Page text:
Each cart is equipped with staples like grains, canned goods, and dairy products. Depending on what donations have come in, there are many special things, like fresh fruits and veggies or baked goods. Lisa shares, “They’re basically like ‘is all that for me?’” Liz explains that the food may not get them through the whole month, but it will free up some money for whatever is causing pressure in their lives. “People live their lives every single day with needs and a lot of people think ‘homeless,’ but you know what, it can be anyone,” she says. “Anyone that’s had an unexpected bill, a sick baby, a car break down, the house flooded, husband got laid off a job…it can be anything, and they can come here and get food. The money that they were going to buy food with they can help with the need.” Whatever the case may be, the Manna House is full of loving people and ready to assist as much as possible.

     Throughout the fall, some projects will be going on to further assist residents in need and to get more people involved in supporting the Manna House ministries. “We will be doing our Fall Food Drive,” Lisa shares. “We reach out to the community, businesses and individuals in our churches that are interested in taking one grocery bag.” Each bag comes back filled with goods that help stock the food pantry. She says, “We put that plead out and it’s usually an overwhelming result.”

     In addition, the Manna House is partnering with the school system and Woodmen of the World for an exciting project. “It’s going to be an effort within the schools to raise awareness for hunger and to allow the schools the opportunity to earn a thousand dollar grant from Woodmen of World for their school by participating in a food drive,” she explains. Both of these initiatives along with the donations of other supporters will help with the upcoming Thanksgiving project. Each fall, families register for a special Thanksgiving meal box that comes with a turkey and many of the other side dishes that are usually on the Thanksgiving table. “That’ll just be something to help them so they don’t have to worry about where they’re going to get their Thanksgiving meal,” Lisa says. “We usually do anywhere from seven to eight hundred families in addition to what we already do each month.”

     Both Lisa and Liz give all the credit to God for the work that is being done. Liz says, “God’s hand is on Effingham County in so many different ways. If you never knew anything about the Manna House, it is amazing to see how big He works here. We all grew up thinking that He was big, but we see it truly in every day.”

     Lisa and Liz have watched as provisions have been made in unexpected ways, and they give God all the credit. Lisa shares one particular incident: “We needed somebody to help with some maintenance issues outside, and out of the blue, I get a community service worker that we don’t know the guy, but he shows up and he’s a master electrician and a master carpenter.”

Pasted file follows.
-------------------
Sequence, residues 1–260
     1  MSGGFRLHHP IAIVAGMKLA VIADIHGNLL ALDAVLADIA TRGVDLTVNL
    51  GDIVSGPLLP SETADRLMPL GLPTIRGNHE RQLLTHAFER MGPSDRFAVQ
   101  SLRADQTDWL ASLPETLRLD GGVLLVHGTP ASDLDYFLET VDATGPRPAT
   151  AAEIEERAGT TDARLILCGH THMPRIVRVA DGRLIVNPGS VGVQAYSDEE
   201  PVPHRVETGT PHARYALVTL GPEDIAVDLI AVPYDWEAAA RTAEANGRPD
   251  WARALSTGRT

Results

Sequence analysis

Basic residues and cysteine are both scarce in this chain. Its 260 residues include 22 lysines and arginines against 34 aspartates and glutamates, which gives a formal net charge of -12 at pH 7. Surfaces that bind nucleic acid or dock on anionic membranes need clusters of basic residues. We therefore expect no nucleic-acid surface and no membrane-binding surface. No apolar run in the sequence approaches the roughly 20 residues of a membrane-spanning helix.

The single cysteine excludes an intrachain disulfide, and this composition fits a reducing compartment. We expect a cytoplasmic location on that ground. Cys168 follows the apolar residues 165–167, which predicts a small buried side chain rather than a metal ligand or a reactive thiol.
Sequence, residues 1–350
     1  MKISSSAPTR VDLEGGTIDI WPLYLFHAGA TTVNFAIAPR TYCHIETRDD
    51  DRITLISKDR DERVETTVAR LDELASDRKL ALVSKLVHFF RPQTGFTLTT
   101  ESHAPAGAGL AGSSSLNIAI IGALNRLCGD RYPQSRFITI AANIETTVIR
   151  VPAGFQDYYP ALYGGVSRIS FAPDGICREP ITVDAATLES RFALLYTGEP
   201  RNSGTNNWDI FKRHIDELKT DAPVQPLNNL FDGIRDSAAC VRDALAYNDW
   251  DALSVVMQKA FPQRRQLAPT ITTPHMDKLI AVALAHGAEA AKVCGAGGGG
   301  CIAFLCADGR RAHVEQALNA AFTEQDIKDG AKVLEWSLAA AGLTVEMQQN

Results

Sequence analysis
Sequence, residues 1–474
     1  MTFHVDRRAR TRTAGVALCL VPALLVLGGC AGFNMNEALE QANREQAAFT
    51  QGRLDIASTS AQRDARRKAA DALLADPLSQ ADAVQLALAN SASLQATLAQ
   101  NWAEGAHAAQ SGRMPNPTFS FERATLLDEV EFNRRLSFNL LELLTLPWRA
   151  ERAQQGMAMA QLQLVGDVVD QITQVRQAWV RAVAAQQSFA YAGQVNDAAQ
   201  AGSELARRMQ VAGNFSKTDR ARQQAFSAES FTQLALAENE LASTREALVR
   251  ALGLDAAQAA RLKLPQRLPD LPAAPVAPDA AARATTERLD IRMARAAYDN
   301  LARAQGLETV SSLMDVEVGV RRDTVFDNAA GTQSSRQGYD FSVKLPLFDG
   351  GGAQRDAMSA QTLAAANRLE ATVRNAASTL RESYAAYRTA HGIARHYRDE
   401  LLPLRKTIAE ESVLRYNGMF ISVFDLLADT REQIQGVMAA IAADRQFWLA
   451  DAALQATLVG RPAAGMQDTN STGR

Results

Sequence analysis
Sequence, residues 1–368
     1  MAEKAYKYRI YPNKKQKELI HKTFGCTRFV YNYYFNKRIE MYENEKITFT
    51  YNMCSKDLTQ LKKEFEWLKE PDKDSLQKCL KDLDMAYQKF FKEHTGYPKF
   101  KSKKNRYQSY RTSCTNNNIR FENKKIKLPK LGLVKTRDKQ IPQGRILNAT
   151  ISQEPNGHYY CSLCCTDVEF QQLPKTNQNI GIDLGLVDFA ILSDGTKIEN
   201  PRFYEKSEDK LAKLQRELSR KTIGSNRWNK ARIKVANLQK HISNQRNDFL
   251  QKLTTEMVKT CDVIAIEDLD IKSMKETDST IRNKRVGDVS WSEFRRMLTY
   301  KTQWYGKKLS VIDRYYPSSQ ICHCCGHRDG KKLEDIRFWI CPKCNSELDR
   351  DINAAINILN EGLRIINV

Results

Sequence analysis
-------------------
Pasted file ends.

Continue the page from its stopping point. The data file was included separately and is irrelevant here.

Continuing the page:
Liz adds, “Last year 1800 gallons of milk showed up right after the hurricane.” The Manna House had no power, but all this milk and bread was provided along with plenty of volunteers, and they created a drive-thru for those that needed assistance during that tough time. “To me, it was the most exciting thing that has happened here. When people couldn’t buy milk and they couldn’t buy groceries, He provided enough to feed hundreds,” Liz shares.

     The Manna House’s main purpose is to provide food to those in need, but it gives so many other gifts to the community through uniform assistance for school kids, the thrift store for the public, volunteer opportunities for students with disabilities, community service opportunities, workman’s compensation partnerships, and much more.

     Effingham County is blessed to have an organization full of people willing to serve and help, but there are always needs to be filled in order to make this ministry function at its best. “We’d like for the community to know, we’re an entity here that can use your financial support,” Liz says. Monetary donations can help to ensure that operations continue smoothly and can also help purchase food in bulk for better prices than can be found in a grocery store.

     Donations of food for the pantry and items for the thrift store are also great ways to be involved in this community ministry. The Manna House’s team plans to continue serving well and wants to grow to serve better, and the community has a wonderful opportunity to rally behind this mission!

Inspiring Environmental Awareness One Student at a Time

story by Katrice Williams          photos by Sheila Scott

Zeal can be defined as a substantial amount of energy or enthusiasm when pursuing a goal or objective. Interestingly enough, Jessica Lyons is an impressive reflection of that definition. She has been teaching at South Effingham High School for nearly 13 years.

     Jessica has always maintained a noteworthy passion for education and strives to be a meaningful inspiration to all of her students. She currently teaches Advanced Placement (AP) Environmental Science, though she has also taught Physical Science and Biology I and II.

     Jessica has lived in the area for about 13 years along with her husband David and 16-year-old daughter Laila. The Illinois native grew up in Rhode Island prior to receiving a Bachelor of Science Degree in Biology from Savannah State University and a Master’s Degree in Curriculum and Instruction from Armstrong State University.